‘After a few minutes I told my husband I could feel pain,’ she said. ‘I was told I could feel pressure and not pain by the doctors, but after a few more minutes I knew exactly what I could feel and was knocked out.
‘No skin to skin with my daughter and no memories of seeing her cord cut. I felt so cheated when I woke.’
During her recovery, Jodie began to balloon and was in agony – worse than her labour. She was rushed back into surgery where surgeons discovered two cuts in her bladder – one from the forceps and one from the C-section incision.
She spent a week in hospital alone, but her daughter was discharged on day two.
‘I couldn’t look at her without a part of me blaming her,’ Jodie admitted. ‘The first six weeks were extremely hard and I still struggle with my birth, but now our daughter Nahla Rose is nearly 10 months old and we’re enjoying being parents.
Jodie said she loves that the shoot shows the mothers’ real bodies as it is a ‘powerful message’
‘Everything that happened put a lot of pressure on mine and my husband’s relationship. He struggled to get his head around it and had some counselling after to help. The whole experience has put us off having another child.
‘I struggled to get people to open up about finding life with a baby hard, let alone opening up about their births. So many people would say, “But I bet you wouldn’t change it”, and I had to be honest and say, “Yes, I would change it”. The birth I had ruined my experience.
‘I loved that we got to show real bodies in this shoot, with no editing. That in itself is a powerful message.’
‘My daughter and I were moments away from being in serious danger’
Mollie Fawcett, pictured with her children Bea and Maximus, was lucky to survive her labour, as was her daughter
Mollie Fawcett, 25, from Hampshire, is mother to Beatrice and Maximus with her partner Dec and envisioned a water birth for her first child in July 2017.
However, after being induced due to signs of pre-eclampsia, Mollie started getting contractions straight after and began bleeding heavily and was in horrendous pain 15 hours later.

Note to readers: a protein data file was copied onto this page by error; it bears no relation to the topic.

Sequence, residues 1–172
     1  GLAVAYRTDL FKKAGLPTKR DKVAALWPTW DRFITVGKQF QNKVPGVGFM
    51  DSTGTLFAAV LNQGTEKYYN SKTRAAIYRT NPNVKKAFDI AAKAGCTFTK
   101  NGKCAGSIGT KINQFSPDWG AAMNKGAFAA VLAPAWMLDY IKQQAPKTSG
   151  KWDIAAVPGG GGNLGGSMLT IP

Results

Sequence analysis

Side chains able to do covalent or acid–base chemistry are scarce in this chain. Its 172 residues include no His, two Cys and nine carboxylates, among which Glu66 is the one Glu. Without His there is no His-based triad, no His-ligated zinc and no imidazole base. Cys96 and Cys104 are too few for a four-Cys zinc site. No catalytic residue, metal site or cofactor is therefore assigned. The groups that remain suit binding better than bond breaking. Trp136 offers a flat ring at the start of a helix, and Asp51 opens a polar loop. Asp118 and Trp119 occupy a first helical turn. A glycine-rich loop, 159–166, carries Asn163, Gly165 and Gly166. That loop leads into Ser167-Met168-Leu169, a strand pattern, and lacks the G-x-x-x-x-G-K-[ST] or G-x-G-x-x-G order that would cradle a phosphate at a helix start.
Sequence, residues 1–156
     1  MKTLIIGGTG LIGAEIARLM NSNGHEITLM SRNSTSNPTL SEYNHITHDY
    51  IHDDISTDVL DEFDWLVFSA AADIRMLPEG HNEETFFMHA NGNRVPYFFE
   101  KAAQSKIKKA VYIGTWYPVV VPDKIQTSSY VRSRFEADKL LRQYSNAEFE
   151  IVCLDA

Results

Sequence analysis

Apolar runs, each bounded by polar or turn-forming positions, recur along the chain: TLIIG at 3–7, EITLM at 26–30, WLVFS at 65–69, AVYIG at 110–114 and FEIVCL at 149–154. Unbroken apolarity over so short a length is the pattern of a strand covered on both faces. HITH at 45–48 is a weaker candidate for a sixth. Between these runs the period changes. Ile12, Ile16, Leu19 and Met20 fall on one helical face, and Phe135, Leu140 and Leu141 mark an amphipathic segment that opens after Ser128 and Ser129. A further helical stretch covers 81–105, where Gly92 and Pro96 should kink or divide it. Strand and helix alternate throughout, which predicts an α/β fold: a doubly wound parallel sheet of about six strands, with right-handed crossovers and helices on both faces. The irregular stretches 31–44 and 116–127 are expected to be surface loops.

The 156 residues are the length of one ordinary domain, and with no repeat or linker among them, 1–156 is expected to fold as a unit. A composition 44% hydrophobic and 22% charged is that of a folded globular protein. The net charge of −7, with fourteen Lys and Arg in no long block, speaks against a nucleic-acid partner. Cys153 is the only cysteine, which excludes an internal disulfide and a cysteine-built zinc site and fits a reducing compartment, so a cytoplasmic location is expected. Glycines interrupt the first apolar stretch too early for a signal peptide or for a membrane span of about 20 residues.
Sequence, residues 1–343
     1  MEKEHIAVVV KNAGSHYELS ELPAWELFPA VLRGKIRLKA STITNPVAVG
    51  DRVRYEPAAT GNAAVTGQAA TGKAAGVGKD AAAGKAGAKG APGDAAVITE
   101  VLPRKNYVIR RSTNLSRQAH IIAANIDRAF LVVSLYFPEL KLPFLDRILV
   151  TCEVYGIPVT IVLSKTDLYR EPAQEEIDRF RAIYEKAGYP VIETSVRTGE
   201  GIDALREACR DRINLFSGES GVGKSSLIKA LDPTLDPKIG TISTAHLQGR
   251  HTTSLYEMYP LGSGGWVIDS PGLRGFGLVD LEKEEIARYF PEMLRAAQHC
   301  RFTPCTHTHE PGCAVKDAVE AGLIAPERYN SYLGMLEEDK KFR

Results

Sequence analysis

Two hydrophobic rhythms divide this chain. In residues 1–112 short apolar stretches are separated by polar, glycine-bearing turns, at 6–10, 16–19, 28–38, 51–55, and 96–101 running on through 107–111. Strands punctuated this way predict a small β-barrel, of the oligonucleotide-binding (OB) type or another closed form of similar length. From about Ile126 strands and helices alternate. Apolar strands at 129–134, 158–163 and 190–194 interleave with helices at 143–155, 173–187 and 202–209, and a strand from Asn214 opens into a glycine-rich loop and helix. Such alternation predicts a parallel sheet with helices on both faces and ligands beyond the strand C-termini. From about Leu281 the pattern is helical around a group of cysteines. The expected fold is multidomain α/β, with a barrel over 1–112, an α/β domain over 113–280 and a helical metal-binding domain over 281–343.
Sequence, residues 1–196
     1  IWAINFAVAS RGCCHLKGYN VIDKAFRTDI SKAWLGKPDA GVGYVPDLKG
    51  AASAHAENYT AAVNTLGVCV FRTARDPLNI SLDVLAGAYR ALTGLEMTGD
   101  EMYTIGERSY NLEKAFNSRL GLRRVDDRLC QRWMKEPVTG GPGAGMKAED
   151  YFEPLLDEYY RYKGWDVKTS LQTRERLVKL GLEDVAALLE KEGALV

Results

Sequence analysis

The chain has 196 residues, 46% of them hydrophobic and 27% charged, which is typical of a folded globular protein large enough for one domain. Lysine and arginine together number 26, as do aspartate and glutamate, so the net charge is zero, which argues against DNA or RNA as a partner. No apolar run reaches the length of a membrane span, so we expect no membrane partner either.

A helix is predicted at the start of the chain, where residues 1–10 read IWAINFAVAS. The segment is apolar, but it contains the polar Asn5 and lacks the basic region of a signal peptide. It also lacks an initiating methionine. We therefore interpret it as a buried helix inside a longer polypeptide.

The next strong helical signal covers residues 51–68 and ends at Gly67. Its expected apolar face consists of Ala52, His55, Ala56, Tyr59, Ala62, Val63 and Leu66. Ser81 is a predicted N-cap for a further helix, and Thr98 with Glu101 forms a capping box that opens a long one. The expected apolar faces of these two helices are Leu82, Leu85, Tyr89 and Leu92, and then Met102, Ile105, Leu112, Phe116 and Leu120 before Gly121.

She was rushed into surgery for an emergency C-section and put to sleep so they could get her daughter out as soon as possible.
‘I never thought I wouldn’t see my child being born into the world or that Dec wouldn’t be in the room with me,’ she said.
‘I felt my body had failed me, I had failed my baby, I had failed my partner. I will always feel guilty for this, but I will not let it define me.
Mollie admitted she felt her body had failed her, her daughter and her partner, and she will always ‘feel guilty’
‘After having Bea I was so confused, upset and angry at how my birth had happened. Along with all the hormones of just having a baby and breastfeeding, I was feeling really broken. I requested a birth reflections meeting with midwives from my hospital.
‘In this meeting I realised how lucky me and Bea were to be alive. I found out that I had a placenta abruption, and Beatrice and I were moments away from both being in serious danger.
‘It wasn’t until Bea was almost seven months old that I sought help; I went to the GP and was told to call iTalk.
‘I called them up and was put on their waiting list, then about six months later I had cognitive behavioural therapy (CBT) and it was amazing, it helped me so much.’
Mollie said we need to speak up about traumatic births – not to scare mothers but to educate and to provide a safe place for those who are struggling to speak about it
Mollie began writing, and putting pen to paper helped lift a huge weight off her shoulders.
‘I felt I could breathe again and not feel ashamed, angry and upset about my birth,’ she explained.
‘We need to speak up about traumatic births – not to scare mothers but to educate and to provide a safe place for those who are struggling to speak about it.’
‘I lost nearly two litres of blood’
After her son George was born in December 2018, having had to be cut out, Lauren instantly passed out
Stay-at-home mum Lauren Fricker, 23, from Halstead, Essex, has been with partner Emanuele for just over two years, and though her pregnancy wasn’t planned, it was a welcome surprise.
‘Everyone has a perfect picture in their head of how they expect their births to turn out, and mine definitely wasn’t the easiest,’ she said.
After her son George was born in December 2018, having had to be cut out, Lauren instantly passed out.
She had haemorrhaged and it took over half an hour to get it under control.
‘George was fine thankfully and sitting with his daddy in the corner waiting to meet his mummy,’ she recalled.
Lauren had haemorrhaged dramatically during the birth and it took over half an hour to get it under control
Lauren said her birth left her traumatised, but she would do it again in a heartbeat for her baby boy
‘All I could think was how guilty I felt for not having that first skin to skin moment and not holding my baby boy, whom I had been waiting months to meet.
‘I had lost nearly two litres of blood and was kept in for overnight with George for us both to be monitored. Luckily I didn’t need a blood transfusion and was put on iron tablets for two months after the birth and had to have regular blood tests to check my iron levels.
‘Twenty seven hours of labour, having my baby poo in me and having my little baby taken away was definitely not the birth I had in mind.
‘I hope our stories have encouraged some of you women out there to speak up about your difficult births and realise you’re not alone.
‘I will never forget my birth, it truly has left me traumatised, but I would do it all over again in a heartbeat for my beautiful baby boy.’